Packed with provitamin A!

A serving of bitter greens is enough to cover your daily value of provitamin A and beta-carotene! The body transforms the latter into vitamin A. Vitamin A plays a role in iron metabolism, skin and mucous membrane health, eyesight, immunity, and growth.

Bitter greens are also:

  • a source of iron (for cognitive function, red blood cells, the immune system, energy, and fatigue reduction)
  • a source of magnesium (for fatigue reduction, energy, protein synthesis, muscular contraction, nerve impulse transmission, and bone and teeth health)
  • a source of fiber (for bowel movement regulation, satiety)

They also contain:

  • vitamin C
  • potassium
  • calcium

When is the right
time to eat them?

All year.

Bitter greens are available year-round but are more abundant between fall and spring.

  • January
  • February
  • March
  • April
  • May
  • June
  • July
  • August
  • September
  • October
  • November
  • December

Vegetable patch
or urban balcony?

Bitter greens include young shoots of broccoli rabe, turnips, and cabbage. These three grow well in well-drained, neutral (pH = 7) soil rich in humus, in full sun.

To learn everything you need to know about growing bitter greens, read the page on growing advice.

Choosing and
storing bitter greens

Choose your bitter greens well:

  • The leaves must be dark green, very uniform, smooth, shiny, and without spots.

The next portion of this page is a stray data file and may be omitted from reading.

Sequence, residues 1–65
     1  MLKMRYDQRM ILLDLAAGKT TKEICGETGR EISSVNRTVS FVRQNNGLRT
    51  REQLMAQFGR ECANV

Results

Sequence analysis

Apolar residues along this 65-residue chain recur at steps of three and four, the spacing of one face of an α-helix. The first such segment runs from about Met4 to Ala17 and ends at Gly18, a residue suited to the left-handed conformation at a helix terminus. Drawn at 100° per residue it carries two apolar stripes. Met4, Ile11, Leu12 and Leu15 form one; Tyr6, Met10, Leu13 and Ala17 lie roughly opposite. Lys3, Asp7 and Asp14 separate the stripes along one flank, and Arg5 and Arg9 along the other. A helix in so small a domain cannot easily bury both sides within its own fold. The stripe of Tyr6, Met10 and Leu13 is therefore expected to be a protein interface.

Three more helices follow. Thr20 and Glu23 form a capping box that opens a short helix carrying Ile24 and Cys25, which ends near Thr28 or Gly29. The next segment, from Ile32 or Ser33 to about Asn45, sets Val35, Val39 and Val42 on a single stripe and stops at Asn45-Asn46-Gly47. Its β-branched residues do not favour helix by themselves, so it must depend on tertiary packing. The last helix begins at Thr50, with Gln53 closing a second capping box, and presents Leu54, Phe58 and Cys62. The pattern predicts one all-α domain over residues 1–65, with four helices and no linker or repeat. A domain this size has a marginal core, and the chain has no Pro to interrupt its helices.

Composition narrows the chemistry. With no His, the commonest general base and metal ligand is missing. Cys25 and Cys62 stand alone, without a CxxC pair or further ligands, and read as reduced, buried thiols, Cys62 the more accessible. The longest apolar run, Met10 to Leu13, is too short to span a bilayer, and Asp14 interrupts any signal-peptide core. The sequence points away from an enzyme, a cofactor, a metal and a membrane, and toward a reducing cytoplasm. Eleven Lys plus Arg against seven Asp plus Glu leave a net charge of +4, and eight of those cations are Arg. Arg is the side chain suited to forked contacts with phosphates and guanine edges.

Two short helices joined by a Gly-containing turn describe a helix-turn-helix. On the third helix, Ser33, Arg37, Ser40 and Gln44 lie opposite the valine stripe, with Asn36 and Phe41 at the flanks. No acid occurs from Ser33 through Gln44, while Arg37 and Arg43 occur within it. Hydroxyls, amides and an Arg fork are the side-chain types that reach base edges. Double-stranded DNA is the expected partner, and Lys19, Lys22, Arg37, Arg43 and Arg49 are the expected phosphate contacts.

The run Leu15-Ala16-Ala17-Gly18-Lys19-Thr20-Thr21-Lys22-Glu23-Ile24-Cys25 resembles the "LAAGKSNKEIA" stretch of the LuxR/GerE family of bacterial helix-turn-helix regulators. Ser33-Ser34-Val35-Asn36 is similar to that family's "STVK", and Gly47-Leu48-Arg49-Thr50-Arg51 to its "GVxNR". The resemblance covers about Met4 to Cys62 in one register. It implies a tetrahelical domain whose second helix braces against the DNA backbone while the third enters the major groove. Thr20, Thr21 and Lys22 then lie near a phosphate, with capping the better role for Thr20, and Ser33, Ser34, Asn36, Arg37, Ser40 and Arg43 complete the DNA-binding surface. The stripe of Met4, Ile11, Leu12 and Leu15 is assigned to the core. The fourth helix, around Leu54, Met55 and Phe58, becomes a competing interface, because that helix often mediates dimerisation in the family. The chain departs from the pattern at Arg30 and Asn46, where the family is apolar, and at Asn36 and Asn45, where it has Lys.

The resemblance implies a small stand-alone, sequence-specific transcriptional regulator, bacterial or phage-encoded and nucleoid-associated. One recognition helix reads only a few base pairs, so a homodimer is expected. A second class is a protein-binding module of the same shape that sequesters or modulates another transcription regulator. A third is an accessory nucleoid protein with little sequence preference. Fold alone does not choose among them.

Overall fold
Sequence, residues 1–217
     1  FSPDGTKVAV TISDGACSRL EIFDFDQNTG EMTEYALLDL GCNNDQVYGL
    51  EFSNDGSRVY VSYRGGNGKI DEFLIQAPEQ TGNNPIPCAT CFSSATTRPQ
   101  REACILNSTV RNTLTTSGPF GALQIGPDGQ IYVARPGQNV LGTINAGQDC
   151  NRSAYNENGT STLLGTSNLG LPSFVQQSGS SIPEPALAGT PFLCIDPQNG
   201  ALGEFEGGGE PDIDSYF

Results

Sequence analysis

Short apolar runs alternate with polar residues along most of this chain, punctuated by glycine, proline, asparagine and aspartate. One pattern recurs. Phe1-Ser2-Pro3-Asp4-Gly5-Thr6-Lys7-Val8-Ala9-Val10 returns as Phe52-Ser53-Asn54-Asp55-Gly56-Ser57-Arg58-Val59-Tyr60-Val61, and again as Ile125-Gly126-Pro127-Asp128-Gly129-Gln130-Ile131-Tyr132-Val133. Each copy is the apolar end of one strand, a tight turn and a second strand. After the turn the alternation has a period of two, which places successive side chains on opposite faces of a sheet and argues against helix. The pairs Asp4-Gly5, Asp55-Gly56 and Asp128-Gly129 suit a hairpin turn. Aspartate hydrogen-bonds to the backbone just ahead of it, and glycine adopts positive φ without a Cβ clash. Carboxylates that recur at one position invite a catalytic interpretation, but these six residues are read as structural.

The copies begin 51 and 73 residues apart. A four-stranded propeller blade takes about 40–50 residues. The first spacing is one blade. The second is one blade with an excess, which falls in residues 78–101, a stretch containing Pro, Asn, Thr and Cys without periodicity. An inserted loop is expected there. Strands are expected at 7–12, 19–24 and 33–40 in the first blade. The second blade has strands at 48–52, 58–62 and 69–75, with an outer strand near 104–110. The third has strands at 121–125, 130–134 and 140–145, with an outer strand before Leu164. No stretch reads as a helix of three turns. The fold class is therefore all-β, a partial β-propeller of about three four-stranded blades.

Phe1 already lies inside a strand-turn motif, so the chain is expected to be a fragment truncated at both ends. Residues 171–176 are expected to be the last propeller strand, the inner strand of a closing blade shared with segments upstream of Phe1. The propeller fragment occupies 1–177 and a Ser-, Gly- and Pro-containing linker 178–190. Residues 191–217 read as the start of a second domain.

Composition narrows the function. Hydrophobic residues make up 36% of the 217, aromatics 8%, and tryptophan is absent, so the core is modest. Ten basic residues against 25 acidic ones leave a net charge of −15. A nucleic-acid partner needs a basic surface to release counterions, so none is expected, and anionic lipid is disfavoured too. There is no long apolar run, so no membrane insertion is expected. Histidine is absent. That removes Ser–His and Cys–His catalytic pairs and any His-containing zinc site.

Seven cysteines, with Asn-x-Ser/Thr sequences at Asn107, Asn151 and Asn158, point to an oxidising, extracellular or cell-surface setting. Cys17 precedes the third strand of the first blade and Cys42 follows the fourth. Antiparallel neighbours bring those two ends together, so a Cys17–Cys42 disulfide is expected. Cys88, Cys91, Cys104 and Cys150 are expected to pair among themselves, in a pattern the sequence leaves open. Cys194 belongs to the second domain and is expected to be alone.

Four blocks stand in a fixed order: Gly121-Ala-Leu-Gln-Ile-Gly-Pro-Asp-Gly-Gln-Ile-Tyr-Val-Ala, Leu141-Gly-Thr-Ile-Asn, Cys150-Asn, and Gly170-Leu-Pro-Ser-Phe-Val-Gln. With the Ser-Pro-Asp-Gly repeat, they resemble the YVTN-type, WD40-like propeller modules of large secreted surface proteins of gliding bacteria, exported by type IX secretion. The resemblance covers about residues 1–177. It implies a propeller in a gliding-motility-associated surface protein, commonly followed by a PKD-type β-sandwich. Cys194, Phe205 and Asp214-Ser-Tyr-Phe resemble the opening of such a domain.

Properly store your bitter greens:

  • Like all leafy vegetables, bitter greens last two to four days in the vegetable drawer of the refrigerator.

Tips and

How to prepare bitter greens

Wash the leaves and cut off the bottom of the stems if they are too hard.

Since these fresh leaves are so bitter, they need to be cooked, whether sautéed or boiled.

Bitter greens go well with…

Italian, Portuguese, and Spanish (Galician) cuisines all make frequent use of cooked bitter greens. In Spain, they are eaten in lacón con grelos along with pork and chorizo, with shrimp omelets, or in creamy soups. In Italy, they are paired with pasta (for example, in orecchiette alle cime de rapa). In Portugal, they are eaten in traditional dishes such as caldo galego, a soup, and lacón con grelos.

Can everyone
eat them?


Young children

Children can begin eating bitter greens, prepared like spinach, starting at 6 months. However, children may not like their bitterness and may find them easier to eat pureed with potatoes.

And everyone else…

Everyone can enjoy bitter greens, especially those who like bitter flavors.

See plenty of other tips for encouraging children to eat vegetables

Where do they come from?
Origins and varietie

Origins: The Galicians (from northwestern Spain) are major producers and consumers of bitter greens. In Italy, broccoli rabe shoots are particularly featured in southern cuisine (from the province of Bari).

Varieties: In French and Spanish, “grelos” literally means “buds.” The word designates certain bitter greens such as broccoli rabe shoots (Brassica ruvo), which are harvested before flowering and taste like a more bitter version of broccoli. Grelos also include turnip tops and the last leaves harvested just before flowering (called grelos de nabos in Spanish or cime di rapa in Italian), as well as cabbage leaves harvested before the plant flowers (grelos de couve in Spanish). Grelos have pointy leaves that surround a green bud that resembles a head of broccoli. They have a somewhat nutty flavor, bitter and spicy.

Chinese cabbage is lighter green in color and is not bitter or spicy at all. Its bud opens into small, yellow, edible flowers. This vegetable probably comes from a wild herb related to turnips that developed in China or the Mediterranean region. It can now be found throughout the entire world.

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